Red Cross Crosses 100 Years of Lifesaving
Just a century ago, everyday life in our community was very different. The center of life in Baltimore was Howard Street, with its shopping district and developed public transportation. However, Baltimore residents who wanted to leave the city and take a break in the countryside often visited their relatives and friends in Roland Park. Most Baltimoreans went about their normal lives, building their present and future, while the most active devoted their time to participating in charity and developing various reforms.
The carefree life of the Baltimoreans officially ended in 1904, after the so-called Great Baltimore Fire, which led to a strong increase in the level of civic consciousness of the inhabitants. Local community leaders and members of a peculiar Shaker sect joined forces and organized a local branch of a very young organization known as the American Red Cross. She proclaimed her mission to alleviate suffering from wars, plague, famine, fires and other national disasters.
A century later, the goals of the organization and the needs of the population have not changed, but our capabilities have increased to unprecedented heights. Thousands of volunteers are easily mobilized to rescue people suffering from natural disasters, no matter where in the world the cataclysm occurs. Modern American Red Cross health and safety standards would impress Commodore Wilbert Longfellow, whose Red Cross swimming and life-saving program reduced drowning deaths from 10 to 1.4 per 100,000 people. Today, volunteering in the Red Cross is an honorable thing that has become a way of life for many. More than 2,000 Red Cross volunteers in Central Maryland help our organization deal with at least three emergencies each day. Domestic fires predominate among them. Many volunteers do not limit their activities to their own community, but travel throughout the United States and even to other countries of the world, providing assistance to victims of fires, hurricanes, floods and other emergent situations.
Recently, the level of awareness of the importance of Red Cross programs among the local population has been steadily increasing. High school students are required to participate in community service in order to gain access to higher education. The age threshold for blood donors has been lowered: now people have the opportunity to become a donor as soon as they turn 16 years old. The Center for Tracing the Victims of the Holocaust and the War operates in Baltimore, responding to the needs of the population, which the founders of the local Red Cross could not even imagine a century ago. It has been a hundred years since the American Red Cross of Central Maryland, and we firmly believe that it will continue to play a critical role in shaping the community landscape of our community in the future.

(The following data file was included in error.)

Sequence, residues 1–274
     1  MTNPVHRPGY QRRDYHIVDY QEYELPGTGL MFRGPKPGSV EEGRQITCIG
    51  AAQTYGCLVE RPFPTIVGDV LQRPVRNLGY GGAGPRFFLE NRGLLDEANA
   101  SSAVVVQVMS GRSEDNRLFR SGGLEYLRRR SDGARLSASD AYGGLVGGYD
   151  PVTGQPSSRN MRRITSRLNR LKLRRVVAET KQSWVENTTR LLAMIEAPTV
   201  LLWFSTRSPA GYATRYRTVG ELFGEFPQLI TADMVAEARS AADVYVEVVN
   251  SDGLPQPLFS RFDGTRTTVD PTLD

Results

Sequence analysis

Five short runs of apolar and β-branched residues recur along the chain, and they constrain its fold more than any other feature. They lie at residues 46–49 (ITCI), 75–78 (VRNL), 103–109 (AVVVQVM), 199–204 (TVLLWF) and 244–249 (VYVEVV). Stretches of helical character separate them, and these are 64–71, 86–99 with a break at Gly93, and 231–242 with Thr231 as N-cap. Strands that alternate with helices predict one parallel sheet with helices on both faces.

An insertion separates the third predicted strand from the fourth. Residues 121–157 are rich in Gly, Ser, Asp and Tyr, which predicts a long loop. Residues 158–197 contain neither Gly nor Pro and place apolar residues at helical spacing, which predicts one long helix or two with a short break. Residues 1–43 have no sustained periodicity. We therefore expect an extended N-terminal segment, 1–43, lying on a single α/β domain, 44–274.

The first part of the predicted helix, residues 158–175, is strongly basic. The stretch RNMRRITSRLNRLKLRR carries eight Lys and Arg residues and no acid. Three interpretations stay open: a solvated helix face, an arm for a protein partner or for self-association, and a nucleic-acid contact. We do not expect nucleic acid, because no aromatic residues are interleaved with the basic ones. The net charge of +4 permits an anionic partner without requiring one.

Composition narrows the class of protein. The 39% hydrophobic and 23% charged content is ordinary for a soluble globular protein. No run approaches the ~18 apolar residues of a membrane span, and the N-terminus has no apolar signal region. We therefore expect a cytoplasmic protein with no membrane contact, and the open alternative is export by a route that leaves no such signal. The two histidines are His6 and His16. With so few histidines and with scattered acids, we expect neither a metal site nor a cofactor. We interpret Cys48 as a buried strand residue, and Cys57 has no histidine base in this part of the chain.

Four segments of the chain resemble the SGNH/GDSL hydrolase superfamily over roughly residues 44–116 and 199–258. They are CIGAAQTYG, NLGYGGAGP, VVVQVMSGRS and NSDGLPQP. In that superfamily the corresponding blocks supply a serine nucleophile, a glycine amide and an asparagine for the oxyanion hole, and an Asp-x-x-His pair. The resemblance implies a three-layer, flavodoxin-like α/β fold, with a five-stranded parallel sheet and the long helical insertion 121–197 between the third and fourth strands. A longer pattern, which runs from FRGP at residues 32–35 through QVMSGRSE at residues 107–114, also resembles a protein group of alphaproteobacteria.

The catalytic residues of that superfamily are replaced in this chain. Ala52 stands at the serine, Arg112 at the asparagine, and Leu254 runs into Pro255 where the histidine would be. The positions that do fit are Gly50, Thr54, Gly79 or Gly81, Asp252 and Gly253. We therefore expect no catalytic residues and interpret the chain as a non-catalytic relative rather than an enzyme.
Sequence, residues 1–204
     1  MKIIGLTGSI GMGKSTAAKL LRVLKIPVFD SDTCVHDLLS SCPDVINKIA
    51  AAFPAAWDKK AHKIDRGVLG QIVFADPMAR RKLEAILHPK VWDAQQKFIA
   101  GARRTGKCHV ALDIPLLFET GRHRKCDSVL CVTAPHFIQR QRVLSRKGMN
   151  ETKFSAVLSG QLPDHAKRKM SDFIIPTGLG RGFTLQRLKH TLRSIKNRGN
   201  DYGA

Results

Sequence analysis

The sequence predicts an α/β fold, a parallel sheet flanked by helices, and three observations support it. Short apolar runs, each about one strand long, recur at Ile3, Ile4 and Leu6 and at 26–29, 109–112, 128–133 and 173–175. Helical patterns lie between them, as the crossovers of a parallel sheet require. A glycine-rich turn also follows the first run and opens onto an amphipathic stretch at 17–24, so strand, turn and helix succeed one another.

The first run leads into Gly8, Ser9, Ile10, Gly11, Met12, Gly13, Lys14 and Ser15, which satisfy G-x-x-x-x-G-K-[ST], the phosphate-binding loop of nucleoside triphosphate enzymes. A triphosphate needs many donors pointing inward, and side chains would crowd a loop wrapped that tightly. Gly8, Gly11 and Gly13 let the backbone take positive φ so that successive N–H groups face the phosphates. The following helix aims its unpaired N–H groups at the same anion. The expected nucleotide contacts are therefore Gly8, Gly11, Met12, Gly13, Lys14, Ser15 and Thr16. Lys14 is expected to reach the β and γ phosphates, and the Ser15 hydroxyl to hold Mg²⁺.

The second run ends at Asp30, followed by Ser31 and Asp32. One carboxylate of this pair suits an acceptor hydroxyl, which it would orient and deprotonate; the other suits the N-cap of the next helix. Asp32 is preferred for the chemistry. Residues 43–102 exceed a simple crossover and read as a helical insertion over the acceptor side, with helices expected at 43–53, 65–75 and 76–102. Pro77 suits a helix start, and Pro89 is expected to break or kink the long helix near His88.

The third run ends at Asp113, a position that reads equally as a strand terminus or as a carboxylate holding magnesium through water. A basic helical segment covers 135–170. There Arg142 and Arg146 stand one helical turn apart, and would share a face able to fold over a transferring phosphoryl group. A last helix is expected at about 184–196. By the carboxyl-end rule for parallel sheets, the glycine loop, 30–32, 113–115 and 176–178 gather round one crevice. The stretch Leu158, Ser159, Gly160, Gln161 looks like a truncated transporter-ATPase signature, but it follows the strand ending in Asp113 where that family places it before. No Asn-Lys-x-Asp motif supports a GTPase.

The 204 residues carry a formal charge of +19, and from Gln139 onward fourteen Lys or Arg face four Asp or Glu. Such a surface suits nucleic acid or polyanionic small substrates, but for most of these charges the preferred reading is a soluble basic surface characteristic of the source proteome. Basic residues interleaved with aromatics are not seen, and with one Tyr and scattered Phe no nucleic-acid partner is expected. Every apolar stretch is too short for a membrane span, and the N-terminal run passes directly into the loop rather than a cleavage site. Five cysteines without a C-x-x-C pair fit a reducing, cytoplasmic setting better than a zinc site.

No other local organization, except the Red Cross, is able to meet all the basic needs of more than a hundred people whose houses were completely destroyed due to fires in the local community in two days. This is an example of the emergency that the Red Cross had to deal with in Baltimore last March, when four apartment buildings and several single-family houses were engulfed in flames. Our Red Cross branch managed even this tense situation, although it usually encounters no more than three fires per day.
What is the Red Cross doing in Central Maryland?
We teach local residents to face any unexpected events fully armed.
Families of Central Maryland natives serving in Iraq and other world's hotspots are keeping in touch with their loved ones in war zones through emergency services through the efforts of the Red Cross. Also, thanks to the efforts of the American Red Cross, people who were separated by the Second World War find their friends and relatives. More than half a century has passed since its end, but comrades-in-arms and separated relatives still do not lose hope of finding each other. Over the past year, volunteers from the Baltimore Holocaust and War Tracing Center have helped 56 veterans to meet.
Residents of Central Maryland can be sure that the Red Cross will tirelessly prepare them for a safer and healthier life. The organization provides training on the rules of first aid, cardiopulmonary resuscitation, defibrillation, instructs on the rules of water sports and safe behavior on the water.
Thousands of Central Maryland residents participate in blood donation programs. Together they have already saved countless and priceless lives. Everyone, young and old, children, immigrants, men and women, health care workers, benefits from various Red Cross training programs according to their abilities and desires. The number of Red Cross volunteers in our community is about 3 thousand people, and in the country they make up more than 97% of all Red Cross employees. All of them are ready to help those in need, proving that when we come together, we become something more than we are individually.
- 548 responses to disasters
- 691 families received financial assistance
- 690 persons received assistance after the disaster
- 54 volunteers underwent training to combat disasters
- $2,600 on average are spent on disaster relief per day in the Central Maryland region
Assisting the Community
- 33,922 persons instructed in disaster preparedness
- 367 Holocaust-era cases opened
- 79 Holocaust survivors found and reunited with relatives and loved ones
- 3,948 military, veteran and civilian families received emergency and social services
- 3,200 emergency communication services provided
- 2,905 local hospitalized veterans received Red Cross comfort kits
Providing the Opportunity to Serve
- 2,147 adults served their community
- 559 youth volunteers served their community
- 4,724 students reached with Red Cross service learning modules
- 120,000 units of blood collected in the Central Maryland region